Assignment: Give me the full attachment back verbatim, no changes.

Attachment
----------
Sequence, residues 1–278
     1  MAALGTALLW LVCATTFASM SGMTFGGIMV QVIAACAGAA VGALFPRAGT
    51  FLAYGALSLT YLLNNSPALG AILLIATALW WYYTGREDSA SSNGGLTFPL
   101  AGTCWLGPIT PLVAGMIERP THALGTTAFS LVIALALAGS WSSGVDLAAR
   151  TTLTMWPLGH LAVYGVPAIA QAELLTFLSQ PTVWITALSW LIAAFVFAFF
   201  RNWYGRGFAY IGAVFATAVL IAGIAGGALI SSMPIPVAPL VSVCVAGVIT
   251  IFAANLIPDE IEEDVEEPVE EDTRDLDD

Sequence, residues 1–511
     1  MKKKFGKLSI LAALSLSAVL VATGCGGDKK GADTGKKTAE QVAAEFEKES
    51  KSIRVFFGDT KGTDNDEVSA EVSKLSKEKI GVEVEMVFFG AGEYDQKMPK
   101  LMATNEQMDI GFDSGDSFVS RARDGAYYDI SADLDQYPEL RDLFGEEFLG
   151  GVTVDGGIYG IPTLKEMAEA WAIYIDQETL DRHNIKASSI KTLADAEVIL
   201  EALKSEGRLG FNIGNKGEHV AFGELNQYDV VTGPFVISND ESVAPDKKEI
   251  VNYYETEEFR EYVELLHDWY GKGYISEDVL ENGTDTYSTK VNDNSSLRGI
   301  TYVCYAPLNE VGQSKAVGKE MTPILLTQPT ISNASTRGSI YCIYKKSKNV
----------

Sequence, residues 1–278
     1  MAALGTALLW LVCATTFASM SGMTFGGIMV QVIAACAGAA VGALFPRAGT
    51  FLAYGALSLT YLLNNSPALG AILLIATALW WYYTGREDSA SSNGGLTFPL
   101  AGTCWLGPIT PLVAGMIERP THALGTTAFS LVIALALAGS WSSGVDLAAR
   151  TTLTMWPLGH LAVYGVPAIA QAELLTFLSQ PTVWITALSW LIAAFVFAFF
   201  RNWYGRGFAY IGAVFATAVL IAGIAGGALI SSMPIPVAPL VSVCVAGVIT
   251  IFAANLIPDE IEEDVEEPVE EDTRDLDD

Sequence, residues 1–511
     1  MKKKFGKLSI LAALSLSAVL VATGCGGDKK GADTGKKTAE QVAAEFEKES
    51  KSIRVFFGDT KGTDNDEVSA EVSKLSKEKI GVEVEMVFFG AGEYDQKMPK
   101  LMATNEQMDI GFDSGDSFVS RARDGAYYDI SADLDQYPEL RDLFGEEFLG
   151  GVTVDGGIYG IPTLKEMAEA WAIYIDQETL DRHNIKASSI KTLADAEVIL
   201  EALKSEGRLG FNIGNKGEHV AFGELNQYDV VTGPFVISND ESVAPDKKEI
   251  VNYYETEEFR EYVELLHDWY GKGYISEDVL ENGTDTYSTK VNDNSSLRGI
   301  TYVCYAPLNE VGQSKAVGKE MTPILLTQPT ISNASTRGSI YCIYKKSKNV